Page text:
How To Use a Ring Stretcher Reducer Tool

Are you mastering the art of using a ring sizer tool? As a jeweller, this is an area of your business that will encourage customers to come back again and again, as long as your work is accurate. So, investing in a professional ring stretcher/reducer tool will help you master the art of ring resizing and make light work of resizing requests from your customers.

Here’s our guide on how to use a ring stretcher/reducer tool, with some additional tips to speed up your process.

How to use the ring stretcher reducer pro

Before you start:

  • Make sure you anneal the rings before you start resizing them – this will make the whole process much easier.
  • Have a marked triblet to hand so that you can accurately measure the size of the ring as you work.
  • Consider securing your Ring Reducer Stretch Pro to your workbench, so that you can apply pressure without your tools or workbench shifting.
  • This kind of ring size adjuster is only for use with ring bands. It is not for use with rings that feature stone settings.

Planning on resizing rings with more intricate features and stone settings? Read our detailed guide on how to resize a ring using more complex soldering techniques.

How to make a ring tighter

Reducing the size of a plain ring is a simple process with a ring size reducer. Don’t rely too heavily on the marks of the ring reducer tool. Instead use a triblet with accurate size markings that you know are true to size to keep an eye on the size of the ring as you work.

steel triblet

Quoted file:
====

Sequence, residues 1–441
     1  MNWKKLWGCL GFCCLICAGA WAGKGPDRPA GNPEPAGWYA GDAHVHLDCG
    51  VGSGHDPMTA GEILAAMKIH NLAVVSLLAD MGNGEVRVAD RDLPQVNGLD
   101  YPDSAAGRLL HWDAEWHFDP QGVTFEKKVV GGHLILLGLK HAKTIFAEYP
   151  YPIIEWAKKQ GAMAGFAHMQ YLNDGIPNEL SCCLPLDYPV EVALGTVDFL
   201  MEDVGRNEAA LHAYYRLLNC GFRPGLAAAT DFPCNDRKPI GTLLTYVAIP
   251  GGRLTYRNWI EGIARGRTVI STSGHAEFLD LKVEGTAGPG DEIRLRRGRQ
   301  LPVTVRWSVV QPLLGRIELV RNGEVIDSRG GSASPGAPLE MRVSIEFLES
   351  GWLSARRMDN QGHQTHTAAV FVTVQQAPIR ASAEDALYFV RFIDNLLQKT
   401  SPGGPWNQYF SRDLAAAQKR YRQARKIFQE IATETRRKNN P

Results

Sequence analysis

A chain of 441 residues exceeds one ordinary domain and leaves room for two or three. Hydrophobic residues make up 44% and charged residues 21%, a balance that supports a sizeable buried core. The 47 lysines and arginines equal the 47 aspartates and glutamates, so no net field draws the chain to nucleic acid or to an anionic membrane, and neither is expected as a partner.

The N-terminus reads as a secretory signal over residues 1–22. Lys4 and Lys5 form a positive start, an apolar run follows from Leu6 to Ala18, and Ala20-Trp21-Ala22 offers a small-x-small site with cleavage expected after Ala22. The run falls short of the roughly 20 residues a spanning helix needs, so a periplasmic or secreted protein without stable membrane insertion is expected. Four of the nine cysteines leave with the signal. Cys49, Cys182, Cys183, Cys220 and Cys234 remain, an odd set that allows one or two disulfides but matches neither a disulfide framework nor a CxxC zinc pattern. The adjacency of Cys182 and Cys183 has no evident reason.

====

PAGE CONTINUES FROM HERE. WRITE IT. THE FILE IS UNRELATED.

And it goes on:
Now, all you have to do is place the ring into the base of the ring adjuster, choosing the tapered hole that is just a little too tight for the band to sit in. It’s important to place the ring into the tapered hole that is just a little too tight as this will make sure the ring size is properly reduced.

Once you’re happy with the position of the ring, turn the base of the ring adjuster until the hole with the ring in sits directly below the flat plate.

ring sitting in reducer hole

Check that the base of the ring adjuster, where the ring sits, is sitting flat. If it has not been secured into place properly and is not completely flat it could affect the outcome of your work.

Once you’re in position, you can then pull the lever of the ring size reducer and apply pressure. Always remember to flip the ring over and repeat the process again so that the adjustment is equal on both sides.

As you will be applying a fair amount of pressure to the lever as you work, it’s recommended that you mount the Ring Stretcher Reducer Pro to your workbench. It features four holes in its base, so that you can easily fix it to your workbench and avoid it shifting under the pressure you apply to the lever.

How to use a ring stretcher

The ring stretching tool sits on the top of the pro tool – it’s the mandrel that sits adjacent to the lever. And much like a mandrel, it’s easy to use.

It’s recommended, as above, that you use your own accurate triblet to measure the size of the ring before you start stretching the ring, and as you stretch it. That way, you can get a more accurate idea of how far you need to stretch the ring.

To use the ring stretcher, simply place the band loosely onto the mandrel-like tool. Squeeze the ring down a little further onto the tool to ensure it stays firmly in place.

ring sitting in stretcher tools

Place one hand onto the ring stretching tool to steady it, and then apply pressure to the lever. Put the lever back into its neutral position, then rotate the ring slightly. Pull the lever again, applying pressure.

Now check your ring using your trusted triblet for an accurate measurement. Has it stretched sufficiently?

You may need to repeat this process in order to reach the desired size. And don’t forget to flip the ring over so that you don’t end up with a tapered ring.

Using the Ring Stretcher Reducer Pro is a straightforward process that could help you speed up your resizing requests, helping you to make more time for the creative collections you have planned.

Share this article: